Wednesday, January 17, 2007

Lecture 5

Static Fields

  • an instance field is a field contained within each and every object of a particular class
  • a static field is a field for the entire class
    • one for the entire class
    • can access a static field w/o instantiating any objects
Example 1

  • can be used to store constants in a utility
private static double pi = 3.14
public static double getpi(){return pi;}

Example 2

  • Can use a static field to keep track of the number of instances of a class.
Caution about static: do not over use it
  • if you make everything static then objects and classes become meaningless
  • is will no longer be object oriented if static classes are only involved
Copy Constructor

  • a special kind of constructor that is used for copying objects
  • how do we create a new object that is a copy of an existing object?

myobject x,y;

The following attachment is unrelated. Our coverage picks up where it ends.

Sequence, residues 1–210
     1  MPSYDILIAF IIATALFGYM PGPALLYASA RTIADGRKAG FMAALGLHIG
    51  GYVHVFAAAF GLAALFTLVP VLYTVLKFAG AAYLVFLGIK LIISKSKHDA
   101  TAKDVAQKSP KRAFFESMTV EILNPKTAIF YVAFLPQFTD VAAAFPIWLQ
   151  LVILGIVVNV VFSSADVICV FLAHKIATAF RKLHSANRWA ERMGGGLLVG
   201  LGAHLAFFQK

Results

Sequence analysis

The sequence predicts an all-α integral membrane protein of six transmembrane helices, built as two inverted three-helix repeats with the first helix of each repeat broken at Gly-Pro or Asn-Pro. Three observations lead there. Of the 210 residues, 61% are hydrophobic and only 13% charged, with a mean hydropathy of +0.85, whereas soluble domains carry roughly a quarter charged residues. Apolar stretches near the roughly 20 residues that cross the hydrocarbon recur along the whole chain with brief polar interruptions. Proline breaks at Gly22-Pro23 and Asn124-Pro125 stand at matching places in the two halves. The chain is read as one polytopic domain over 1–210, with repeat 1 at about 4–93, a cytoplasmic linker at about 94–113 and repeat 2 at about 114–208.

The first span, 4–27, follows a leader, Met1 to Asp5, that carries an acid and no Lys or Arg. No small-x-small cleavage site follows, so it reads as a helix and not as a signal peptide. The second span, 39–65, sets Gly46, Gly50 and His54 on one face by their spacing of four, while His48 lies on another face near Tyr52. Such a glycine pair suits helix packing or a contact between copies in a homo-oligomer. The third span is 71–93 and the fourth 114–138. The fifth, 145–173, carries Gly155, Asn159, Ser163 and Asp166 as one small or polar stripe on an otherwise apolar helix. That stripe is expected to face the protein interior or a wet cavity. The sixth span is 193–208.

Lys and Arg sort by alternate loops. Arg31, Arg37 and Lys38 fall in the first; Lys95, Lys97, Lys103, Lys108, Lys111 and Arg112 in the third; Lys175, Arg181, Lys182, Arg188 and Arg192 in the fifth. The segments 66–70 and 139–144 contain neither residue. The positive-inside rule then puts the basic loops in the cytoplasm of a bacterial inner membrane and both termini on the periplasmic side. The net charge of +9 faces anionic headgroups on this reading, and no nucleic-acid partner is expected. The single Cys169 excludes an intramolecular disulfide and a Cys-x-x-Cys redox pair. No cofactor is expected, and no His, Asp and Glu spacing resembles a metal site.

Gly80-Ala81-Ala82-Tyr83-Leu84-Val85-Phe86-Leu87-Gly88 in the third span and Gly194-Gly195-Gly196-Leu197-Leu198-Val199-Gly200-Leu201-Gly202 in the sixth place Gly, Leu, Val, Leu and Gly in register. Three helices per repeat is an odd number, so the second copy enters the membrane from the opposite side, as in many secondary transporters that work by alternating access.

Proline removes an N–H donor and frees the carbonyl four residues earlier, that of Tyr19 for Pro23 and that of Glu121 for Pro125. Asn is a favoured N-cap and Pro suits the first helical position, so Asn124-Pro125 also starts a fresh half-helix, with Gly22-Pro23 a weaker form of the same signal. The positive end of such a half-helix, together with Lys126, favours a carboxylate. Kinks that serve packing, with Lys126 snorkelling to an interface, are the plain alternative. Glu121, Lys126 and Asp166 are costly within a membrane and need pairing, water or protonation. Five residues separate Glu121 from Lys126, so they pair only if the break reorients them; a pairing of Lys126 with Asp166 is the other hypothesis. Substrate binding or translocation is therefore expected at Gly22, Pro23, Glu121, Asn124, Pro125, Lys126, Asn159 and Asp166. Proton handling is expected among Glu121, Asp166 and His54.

y=new myobject();
y=x; // this is bad!!!

  • this does not create a copy, it makes y another name for x. if i make changes to y, those changes also occur to x.
  • this also works both ways
  • Copy Constructor is the proper strategy
public class myobject {//two private fields: a,b
public myobject (myobject Source) {
//'Source' is the variable name
//copy constructor
a = source.a
b = source.b

x = new myobject();
y = new myobject(x);


  • this raises important points about Java objects:
    • the variable name is only a reference to the object. it does NOT contain the object itself
    • that's why y=x does not COPY
      • it makes y a reference to x
    • this is true for all objects in Java.
  • Exception to this rule
    • primitive types are not objects
      • byte (8 bit)
      • short (16 bit)
      • int (32 bit)
      • long(64 bit)
      • float(real number - 32 bit)
      • double(real number - 64 bit)
      • Boolean(true/false)
      • char(Unicode character)

int x,y
y=x //this is OK, y will make it's own primitive w/ value 5 while x will also be separate from y

Mutable Classes
  • mutable classes have private fields that can change after instantiation
Immutable Classes
  • not allowed to change after construction
  • the reference is passed not only when = occurs, but also whenever objects are passed around
    • method parameters
    • return values
  • privacy violations occur unless care is taken to properly copy objects

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